African-American guests sue Adam's Mark parent

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DAYTONA BEACH, Fla. -- Five African-Americans who attended the annual Black College Reunion here last month sued the HBE Corp. of St. Louis in federal court, alleging that its Adams Mark Daytona Beach Resort discriminated against them.

The plaintiffs asked the U.S. District Court in Orlando, Fla., for a permanent injunction directing HBE "to take all affirmative steps necessary to remedy the effects of the ... discriminatory conduct."

The Adam's Mark allegedly required black guests to wear orange ID wristbands and to prepay rates of $250 to $300 (quad) per night for the hotel's least-expensive rooms during the reunion, held April 9 to 12, and to make a $100 refundable damage deposit.

The Adam's Mark allegedly required black guests to wear orange ID wristbands and to prepay rates of $250 to $300 (quad) per night for the hotel's least-expensive rooms during the reunion, held April 9 to 12, and to make a $100 refundable damage deposit.

The hotel also allegedly subjected black guests to "hostile and threatening security measures" and substandard service, limited their outside visitors and barred them from using on-site parking.

Michael Ako, the general manager of the Adam's Mark, said he was surprised by the lawsuit. "We are trying to manage a special event, not an ethnic group," Ako said, adding that this year's event went more smoothly than 1998's edition. "We had a lot of guns confiscated the year before," he said.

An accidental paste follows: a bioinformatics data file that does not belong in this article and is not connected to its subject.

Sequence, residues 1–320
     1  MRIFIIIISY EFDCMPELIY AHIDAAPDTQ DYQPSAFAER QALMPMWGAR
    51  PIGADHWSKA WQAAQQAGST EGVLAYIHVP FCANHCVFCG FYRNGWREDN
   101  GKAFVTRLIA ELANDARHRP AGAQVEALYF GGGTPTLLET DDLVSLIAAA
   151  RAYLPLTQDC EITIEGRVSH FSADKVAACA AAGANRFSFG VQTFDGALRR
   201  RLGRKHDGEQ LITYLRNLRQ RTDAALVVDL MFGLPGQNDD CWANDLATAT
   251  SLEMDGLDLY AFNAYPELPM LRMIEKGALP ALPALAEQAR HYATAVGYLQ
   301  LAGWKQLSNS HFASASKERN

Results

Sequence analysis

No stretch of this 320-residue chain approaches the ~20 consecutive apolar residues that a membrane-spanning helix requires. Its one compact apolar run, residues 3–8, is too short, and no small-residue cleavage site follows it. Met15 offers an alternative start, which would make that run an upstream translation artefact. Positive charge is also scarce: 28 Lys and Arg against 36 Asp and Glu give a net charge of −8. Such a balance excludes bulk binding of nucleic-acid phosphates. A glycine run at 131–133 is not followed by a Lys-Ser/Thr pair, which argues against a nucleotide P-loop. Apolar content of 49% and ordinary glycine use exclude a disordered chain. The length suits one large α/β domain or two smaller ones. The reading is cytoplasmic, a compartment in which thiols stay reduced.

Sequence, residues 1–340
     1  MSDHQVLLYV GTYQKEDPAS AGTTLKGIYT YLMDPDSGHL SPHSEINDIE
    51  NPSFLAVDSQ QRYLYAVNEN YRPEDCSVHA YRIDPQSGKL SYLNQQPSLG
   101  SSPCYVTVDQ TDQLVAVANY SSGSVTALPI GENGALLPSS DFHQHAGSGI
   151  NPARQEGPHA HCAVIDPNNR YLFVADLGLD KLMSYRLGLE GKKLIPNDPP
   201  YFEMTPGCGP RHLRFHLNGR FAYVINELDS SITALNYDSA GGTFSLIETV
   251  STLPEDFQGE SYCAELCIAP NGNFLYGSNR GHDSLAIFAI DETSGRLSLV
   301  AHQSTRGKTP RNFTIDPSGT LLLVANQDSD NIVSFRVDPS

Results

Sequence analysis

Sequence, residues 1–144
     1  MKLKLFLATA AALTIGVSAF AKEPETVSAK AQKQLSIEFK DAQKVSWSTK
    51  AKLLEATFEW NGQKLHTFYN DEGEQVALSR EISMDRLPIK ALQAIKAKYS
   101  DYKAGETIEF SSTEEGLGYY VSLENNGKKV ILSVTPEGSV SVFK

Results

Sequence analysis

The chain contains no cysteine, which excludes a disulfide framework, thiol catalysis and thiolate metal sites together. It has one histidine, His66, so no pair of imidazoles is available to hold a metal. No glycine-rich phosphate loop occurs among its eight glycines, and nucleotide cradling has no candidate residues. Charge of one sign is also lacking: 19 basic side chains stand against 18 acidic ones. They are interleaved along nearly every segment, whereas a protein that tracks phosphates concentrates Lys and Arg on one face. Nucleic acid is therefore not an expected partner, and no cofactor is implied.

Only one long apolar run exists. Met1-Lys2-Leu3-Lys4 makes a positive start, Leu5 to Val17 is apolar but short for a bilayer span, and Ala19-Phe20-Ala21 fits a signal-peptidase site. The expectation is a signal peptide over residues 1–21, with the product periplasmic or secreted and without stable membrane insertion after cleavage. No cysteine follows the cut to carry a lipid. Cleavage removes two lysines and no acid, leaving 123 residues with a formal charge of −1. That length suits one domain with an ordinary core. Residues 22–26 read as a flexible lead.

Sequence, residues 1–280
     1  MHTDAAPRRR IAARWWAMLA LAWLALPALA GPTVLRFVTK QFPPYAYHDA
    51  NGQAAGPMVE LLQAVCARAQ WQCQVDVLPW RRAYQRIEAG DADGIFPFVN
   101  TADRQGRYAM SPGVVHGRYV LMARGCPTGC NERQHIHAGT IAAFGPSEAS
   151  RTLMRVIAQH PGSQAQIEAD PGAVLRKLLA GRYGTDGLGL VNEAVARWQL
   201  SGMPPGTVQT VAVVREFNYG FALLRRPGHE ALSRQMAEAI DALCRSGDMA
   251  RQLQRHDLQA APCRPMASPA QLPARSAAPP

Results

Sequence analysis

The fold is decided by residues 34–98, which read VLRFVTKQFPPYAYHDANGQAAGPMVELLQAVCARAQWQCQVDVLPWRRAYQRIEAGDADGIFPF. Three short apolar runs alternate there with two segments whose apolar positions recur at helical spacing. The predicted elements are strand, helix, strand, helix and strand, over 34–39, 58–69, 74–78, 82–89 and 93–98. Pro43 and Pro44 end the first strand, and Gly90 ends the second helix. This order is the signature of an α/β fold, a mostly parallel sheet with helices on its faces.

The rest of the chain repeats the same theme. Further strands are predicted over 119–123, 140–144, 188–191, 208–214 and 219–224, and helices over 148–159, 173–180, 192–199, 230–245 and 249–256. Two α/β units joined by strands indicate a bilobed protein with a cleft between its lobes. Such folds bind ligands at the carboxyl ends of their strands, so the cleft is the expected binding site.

Fred S. Kummer, founder and chief executive officer of HBE, the parent company of Adam's Mark Hotels & Resorts, denied that the resort's policies were race-related. Wristbands, according to HBE, are commonly required during heavily trafficked events, ensuring that maximum room occupancy is not exceeded.

According to Kummer, prepayment and damage deposits are "standard practice" for major events and excessive demand for parking, not "race or ethnicity," explained why some black guests were turned away from the lot. Kummer also said that any reduction in services stemmed from the "severely challenged physical plant and staff," and room rates were in line with special-event periods.

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